Dwarves of the Lonely Mountain
Durin’s Folk, the Longbeards, claim the mountains on three sides of Rhovanion: the Misty Mountains southwards to Khazad-dûm, the Grey Mountains eastwards from Mount Gundabad, and south of there the Lonely Mountain of Erebor and the Iron Hills, with the halls of Barukkhizdín. In Khazad-dûm, the greatest ever dwarven mansion, the Longbeards discovered and delved the fabulous mithril, found nowhere else in all of Middle-earth.
With the coming of Smaug many Longbeards dispersed: to the Iron Hills, to Dunland for a time or to the dwarves of the Blue Mountains west of the Shire. Many became traders, travelling masons or metalworkers.
After the death of Smaug, Dáin II Ironfoot came west from the Iron Hills to reign as the new King Under the Mountain, and dwarves came from far and wide to play a part in his reborn
Personality & Physical Description:
Durin woke alone, and his House was drawn from those he attracted to him from the other Houses. Their unique status as scions of the first Dwarf set the Longbeards apart. Their stock being drawn from all the other Houses, the Longbeards unified all the traits of dwarvishness in one line, but some individuals might always occasionally resemble members of the other kindreds. The Longbeard way is, as their name indicates, to grow their beards as long as they may, and they often wear them forked or plaited.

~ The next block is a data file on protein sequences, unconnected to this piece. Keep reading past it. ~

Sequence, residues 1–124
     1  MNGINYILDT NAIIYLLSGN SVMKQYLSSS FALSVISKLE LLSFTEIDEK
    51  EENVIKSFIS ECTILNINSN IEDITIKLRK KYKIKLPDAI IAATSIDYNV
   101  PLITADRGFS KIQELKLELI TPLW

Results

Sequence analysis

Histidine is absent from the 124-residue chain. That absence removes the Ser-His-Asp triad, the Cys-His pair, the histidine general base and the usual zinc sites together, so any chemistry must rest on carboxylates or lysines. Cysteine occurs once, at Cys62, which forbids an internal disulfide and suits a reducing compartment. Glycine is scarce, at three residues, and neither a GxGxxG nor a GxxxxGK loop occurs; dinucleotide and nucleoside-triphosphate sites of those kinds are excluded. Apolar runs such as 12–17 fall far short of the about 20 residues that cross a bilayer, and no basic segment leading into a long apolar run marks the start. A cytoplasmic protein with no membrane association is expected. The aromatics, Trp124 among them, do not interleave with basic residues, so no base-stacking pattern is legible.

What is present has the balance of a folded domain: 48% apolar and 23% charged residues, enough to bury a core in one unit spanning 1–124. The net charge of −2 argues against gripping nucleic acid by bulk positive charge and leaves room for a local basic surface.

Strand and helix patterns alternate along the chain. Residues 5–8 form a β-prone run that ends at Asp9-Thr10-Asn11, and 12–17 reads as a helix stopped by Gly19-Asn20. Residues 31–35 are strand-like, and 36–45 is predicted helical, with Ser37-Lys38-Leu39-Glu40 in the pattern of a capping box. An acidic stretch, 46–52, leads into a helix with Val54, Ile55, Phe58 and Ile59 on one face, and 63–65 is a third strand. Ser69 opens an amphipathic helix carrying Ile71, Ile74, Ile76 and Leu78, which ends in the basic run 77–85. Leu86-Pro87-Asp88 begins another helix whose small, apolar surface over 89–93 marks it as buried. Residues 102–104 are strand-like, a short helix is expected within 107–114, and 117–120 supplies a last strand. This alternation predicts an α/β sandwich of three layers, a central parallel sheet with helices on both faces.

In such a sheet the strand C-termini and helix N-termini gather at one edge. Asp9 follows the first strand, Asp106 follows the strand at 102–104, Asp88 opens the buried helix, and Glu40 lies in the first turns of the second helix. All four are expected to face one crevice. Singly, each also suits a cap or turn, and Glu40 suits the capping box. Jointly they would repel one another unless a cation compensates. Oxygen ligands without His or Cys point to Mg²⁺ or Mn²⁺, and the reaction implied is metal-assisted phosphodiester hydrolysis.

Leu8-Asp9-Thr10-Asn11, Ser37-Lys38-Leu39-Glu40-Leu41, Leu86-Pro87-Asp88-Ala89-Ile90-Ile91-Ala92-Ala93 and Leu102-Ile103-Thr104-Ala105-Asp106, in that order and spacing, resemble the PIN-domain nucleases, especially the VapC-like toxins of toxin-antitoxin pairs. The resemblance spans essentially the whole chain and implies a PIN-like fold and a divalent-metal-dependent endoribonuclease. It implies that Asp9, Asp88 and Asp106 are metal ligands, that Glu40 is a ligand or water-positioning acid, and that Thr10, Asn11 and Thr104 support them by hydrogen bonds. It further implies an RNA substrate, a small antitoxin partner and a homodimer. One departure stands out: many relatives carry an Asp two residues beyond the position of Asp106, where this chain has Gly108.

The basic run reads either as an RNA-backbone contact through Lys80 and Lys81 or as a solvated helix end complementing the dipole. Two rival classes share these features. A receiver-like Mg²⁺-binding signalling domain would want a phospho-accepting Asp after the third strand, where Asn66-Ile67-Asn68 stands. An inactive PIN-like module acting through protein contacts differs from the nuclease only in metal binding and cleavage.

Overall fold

Whilst the different Houses each gave greater honour to one craft or another, the Line of Durin were unique in having learned to work the mithril that they found in the deeps of Khazad-dûm, and were as a result of that also the only ones to have learned some of the art and lore of the mighty Noldor Elves of Eregion, their westerly neighbours in the Second Age.
The Longbeards, though the proudest of the seven kindreds, were also the wisest and the most farseeing. They are the longest-lived of the Houses, and deem the shorter spans of their cousins an indication of lesser nobility. Their pride and sense of primacy gave them, when straitened such as by the loss of Khazad-dum or the depredations of Smaug, a drive that bordered on desperation.
The House of Durin deem themselves the noblest of the Dwarves. They have long had Firebeards and Broadbeams amongst them on good terms, since ill fate befell those Houses and many sought a home in Khazad-dûm. And indeed the with the Coming of Smaug the favour was returned as many of Thorin’s folk joined the remnants of those Houses in the Blue Mountains.
In ancient times, and in the Lonely Mountain before the coming of Smaug, the Longbeards were allied with nearby Northmen to great mutual benefit. Though such trust has waxed and waned and generally become rare in Middle-earth, with the death of Smaug and the refounding of Dale, they are once again on excellent terms with their Mannish neighbours. The example of Bilbo Baggins has caused them to have a certain special appreciation for the hobbits of the distant Shire. And despite the deep-rooted differences between them, the recent Battle of the Five Armies brought at least renewed contact of sorts with the Wood-elves of Mirkwood.